Here is a short guide on tweaks that have helped improve A2's performance. I read up on other's tweaks and also ran resource monitors on my own rig and found some interesting and highly effective methods to increase A2 performance.
Hard Drive Performance:
Hard drive storage is perhaps the most major performance hit with A2.
If using a standard hard drive rather than a solid-state drive, you should migrate your entire A2 folder to the outer edges of your platters. You can do this with "Ultimate Defrag", a free download. Download from CNET
. Go into the options and add your Arma2 folder (the entire thing) to the high performance list. Run a "Consolidate" defrag and check the option for "Respect High Performance". Since A2 loads only bits of data from many of it's pbo files, a simple windows defrag can have your hard drive seeking half-- or even full sweeps as it reads one pbo or another that is placed randomly around the drive.
If you have a solid-state drive, defrag will do little to nothing other than use up your drive faster.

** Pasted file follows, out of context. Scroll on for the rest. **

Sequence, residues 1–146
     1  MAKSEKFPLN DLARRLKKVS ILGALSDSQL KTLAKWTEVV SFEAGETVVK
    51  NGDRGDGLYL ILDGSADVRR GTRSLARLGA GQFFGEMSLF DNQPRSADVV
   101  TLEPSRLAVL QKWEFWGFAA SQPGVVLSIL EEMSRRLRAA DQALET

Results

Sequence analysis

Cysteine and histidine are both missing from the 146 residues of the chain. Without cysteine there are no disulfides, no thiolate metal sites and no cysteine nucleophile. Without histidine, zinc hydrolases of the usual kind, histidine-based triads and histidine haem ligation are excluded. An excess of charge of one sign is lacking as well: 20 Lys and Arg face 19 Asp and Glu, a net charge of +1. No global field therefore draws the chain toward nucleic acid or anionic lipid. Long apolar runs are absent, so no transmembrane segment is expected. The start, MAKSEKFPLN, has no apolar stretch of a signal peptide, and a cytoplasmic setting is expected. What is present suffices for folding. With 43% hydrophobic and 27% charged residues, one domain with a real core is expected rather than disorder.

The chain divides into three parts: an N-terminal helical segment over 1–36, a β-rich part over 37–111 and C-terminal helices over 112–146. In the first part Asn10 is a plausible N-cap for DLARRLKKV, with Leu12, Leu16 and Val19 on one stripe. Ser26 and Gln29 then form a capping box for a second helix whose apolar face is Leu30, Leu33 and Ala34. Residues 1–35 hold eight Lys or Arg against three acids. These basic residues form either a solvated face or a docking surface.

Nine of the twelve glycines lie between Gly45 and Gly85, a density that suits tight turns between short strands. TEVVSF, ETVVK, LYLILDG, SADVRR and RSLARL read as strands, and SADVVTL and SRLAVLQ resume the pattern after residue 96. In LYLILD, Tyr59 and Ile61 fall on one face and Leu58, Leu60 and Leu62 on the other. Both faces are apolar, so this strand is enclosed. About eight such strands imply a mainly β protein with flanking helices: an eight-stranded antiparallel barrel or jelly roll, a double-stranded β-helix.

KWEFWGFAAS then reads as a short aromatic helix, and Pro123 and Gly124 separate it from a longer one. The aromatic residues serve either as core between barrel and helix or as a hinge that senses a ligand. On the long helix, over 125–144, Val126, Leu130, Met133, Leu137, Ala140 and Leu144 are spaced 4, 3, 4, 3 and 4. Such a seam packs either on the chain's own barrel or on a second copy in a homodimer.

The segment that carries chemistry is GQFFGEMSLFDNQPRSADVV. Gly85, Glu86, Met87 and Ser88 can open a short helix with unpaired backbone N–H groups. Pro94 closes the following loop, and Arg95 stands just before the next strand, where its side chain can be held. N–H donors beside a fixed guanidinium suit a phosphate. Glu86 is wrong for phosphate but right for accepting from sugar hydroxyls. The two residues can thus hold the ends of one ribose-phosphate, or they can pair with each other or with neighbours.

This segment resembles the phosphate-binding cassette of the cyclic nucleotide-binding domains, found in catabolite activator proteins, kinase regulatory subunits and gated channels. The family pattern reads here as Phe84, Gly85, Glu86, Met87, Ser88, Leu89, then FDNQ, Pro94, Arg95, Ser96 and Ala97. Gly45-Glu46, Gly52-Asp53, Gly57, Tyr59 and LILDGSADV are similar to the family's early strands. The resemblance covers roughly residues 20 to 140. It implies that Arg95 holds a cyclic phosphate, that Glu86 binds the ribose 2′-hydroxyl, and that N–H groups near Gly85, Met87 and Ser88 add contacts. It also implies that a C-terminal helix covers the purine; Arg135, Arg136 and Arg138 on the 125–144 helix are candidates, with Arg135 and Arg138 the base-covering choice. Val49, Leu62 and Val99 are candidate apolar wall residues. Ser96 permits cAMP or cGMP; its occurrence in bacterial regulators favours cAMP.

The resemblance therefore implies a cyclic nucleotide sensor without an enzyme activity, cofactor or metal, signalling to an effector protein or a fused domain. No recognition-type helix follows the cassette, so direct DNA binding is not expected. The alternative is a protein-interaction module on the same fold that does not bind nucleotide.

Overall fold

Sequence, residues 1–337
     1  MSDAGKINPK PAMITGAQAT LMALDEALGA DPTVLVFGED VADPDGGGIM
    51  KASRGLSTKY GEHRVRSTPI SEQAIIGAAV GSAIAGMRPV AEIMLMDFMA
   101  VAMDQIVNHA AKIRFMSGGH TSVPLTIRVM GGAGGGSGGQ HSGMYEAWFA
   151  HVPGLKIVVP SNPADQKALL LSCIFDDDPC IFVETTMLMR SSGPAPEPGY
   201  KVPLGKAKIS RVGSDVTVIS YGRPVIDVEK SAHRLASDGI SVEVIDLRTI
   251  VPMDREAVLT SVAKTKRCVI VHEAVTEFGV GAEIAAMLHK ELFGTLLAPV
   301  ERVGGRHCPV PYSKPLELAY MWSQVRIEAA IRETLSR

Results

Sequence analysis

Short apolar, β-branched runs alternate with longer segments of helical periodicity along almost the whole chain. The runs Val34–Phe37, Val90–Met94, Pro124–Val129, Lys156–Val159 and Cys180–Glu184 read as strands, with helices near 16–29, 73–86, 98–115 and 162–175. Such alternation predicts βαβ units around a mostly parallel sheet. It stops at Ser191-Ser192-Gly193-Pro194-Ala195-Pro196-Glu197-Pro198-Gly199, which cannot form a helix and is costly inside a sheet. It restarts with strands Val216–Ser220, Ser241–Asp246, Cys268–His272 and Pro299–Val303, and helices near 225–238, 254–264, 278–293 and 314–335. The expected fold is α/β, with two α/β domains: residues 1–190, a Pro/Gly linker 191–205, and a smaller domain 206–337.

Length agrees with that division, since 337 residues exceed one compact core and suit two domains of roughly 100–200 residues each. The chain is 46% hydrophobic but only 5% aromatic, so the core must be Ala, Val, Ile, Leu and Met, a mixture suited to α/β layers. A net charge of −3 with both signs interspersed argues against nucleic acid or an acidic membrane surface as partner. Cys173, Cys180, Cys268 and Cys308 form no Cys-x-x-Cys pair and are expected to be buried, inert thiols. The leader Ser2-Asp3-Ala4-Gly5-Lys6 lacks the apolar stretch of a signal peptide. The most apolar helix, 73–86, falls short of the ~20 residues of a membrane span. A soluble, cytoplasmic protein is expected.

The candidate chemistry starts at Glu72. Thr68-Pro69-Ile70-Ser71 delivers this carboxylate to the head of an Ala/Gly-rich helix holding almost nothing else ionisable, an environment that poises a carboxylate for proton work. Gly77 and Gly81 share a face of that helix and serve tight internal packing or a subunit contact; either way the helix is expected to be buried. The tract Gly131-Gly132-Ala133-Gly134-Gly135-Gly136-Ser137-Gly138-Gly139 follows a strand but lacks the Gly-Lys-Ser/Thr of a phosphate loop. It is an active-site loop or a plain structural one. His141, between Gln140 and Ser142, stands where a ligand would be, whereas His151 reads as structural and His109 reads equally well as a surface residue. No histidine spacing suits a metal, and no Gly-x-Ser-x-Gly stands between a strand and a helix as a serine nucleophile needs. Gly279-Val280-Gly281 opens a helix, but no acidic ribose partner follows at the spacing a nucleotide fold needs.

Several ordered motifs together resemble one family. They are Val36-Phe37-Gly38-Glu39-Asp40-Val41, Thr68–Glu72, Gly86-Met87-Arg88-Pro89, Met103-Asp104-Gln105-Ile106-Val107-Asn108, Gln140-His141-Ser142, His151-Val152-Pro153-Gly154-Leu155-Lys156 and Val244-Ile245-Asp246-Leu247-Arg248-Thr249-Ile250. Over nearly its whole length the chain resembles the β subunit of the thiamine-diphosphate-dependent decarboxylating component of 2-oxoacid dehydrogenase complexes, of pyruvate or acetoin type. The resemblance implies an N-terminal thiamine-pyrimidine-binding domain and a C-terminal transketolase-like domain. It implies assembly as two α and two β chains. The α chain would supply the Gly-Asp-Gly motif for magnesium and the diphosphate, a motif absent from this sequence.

Another trick to make things simpler is using multiple drives and partitioning. If you have two drives, load your OS on one and A2 on the other. Put your swap file on both, windows will stripe your swap across the drives automagically and increase performance that much more.
If you want to use partitioning for very simple high performance/low performance seperation, you can split the target drive 50/50. The first partition will be the high performance drive, the second will be the low performance drive. Remember, the outer edges of the platters are faster. If you have a 1TB drive, and split it into 2x500GB, you can fit A2 on the first partition and store all of your movies/music/documents/etc on the second.
By loading A2 into the outermost edge of the platter I was able to virtually eliminate FPS drop from hard drive activity. 1.04 still has a lag bug in cities, mind you, though that was fixed in beta a while ago and the game is quite fluid on my system now. Doing this also eliminates alot of visible texture loading on buildings when moving at high speeds.
I didn't use an FPS counter for testing, however the change after running Ultimate Defrag was immediately noticeable. I couldn't say for sure the difference, however I was frequently running up against texture pops and stuttering while moving at high speeds through the map.